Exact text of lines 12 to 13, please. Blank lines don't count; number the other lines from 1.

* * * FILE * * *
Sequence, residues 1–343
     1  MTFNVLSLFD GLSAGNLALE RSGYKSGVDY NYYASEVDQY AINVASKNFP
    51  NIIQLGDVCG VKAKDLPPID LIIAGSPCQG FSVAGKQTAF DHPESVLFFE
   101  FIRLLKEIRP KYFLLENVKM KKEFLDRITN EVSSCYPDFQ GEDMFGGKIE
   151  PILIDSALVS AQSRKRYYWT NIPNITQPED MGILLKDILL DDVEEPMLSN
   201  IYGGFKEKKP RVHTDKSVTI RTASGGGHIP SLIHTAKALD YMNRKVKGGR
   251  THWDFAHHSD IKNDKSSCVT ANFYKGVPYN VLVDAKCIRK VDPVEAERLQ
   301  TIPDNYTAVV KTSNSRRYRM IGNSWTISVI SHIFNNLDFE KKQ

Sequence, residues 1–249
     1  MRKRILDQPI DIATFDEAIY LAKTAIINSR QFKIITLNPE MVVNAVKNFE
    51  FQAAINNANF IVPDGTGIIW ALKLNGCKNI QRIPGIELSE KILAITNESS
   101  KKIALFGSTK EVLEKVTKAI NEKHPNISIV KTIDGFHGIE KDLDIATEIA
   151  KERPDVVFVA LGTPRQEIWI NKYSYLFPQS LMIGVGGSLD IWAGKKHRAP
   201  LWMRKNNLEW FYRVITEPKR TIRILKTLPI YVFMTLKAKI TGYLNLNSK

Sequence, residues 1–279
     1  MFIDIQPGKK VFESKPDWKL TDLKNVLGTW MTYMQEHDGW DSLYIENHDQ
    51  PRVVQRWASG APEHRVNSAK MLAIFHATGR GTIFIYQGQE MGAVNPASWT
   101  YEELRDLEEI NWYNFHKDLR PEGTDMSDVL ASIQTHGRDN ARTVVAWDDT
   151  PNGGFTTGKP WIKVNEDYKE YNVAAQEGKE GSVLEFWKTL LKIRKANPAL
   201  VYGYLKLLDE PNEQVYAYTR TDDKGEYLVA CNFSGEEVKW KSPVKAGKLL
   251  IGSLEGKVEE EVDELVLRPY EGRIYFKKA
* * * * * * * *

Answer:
   101  KKIALFGSTK EVLEKVTKAI NEKHPNISIV KTIDGFHGIE KDLDIATEIA
   151  KERPDVVFVA LGTPRQEIWI NKYSYLFPQS LMIGVGGSLD IWAGKKHRAP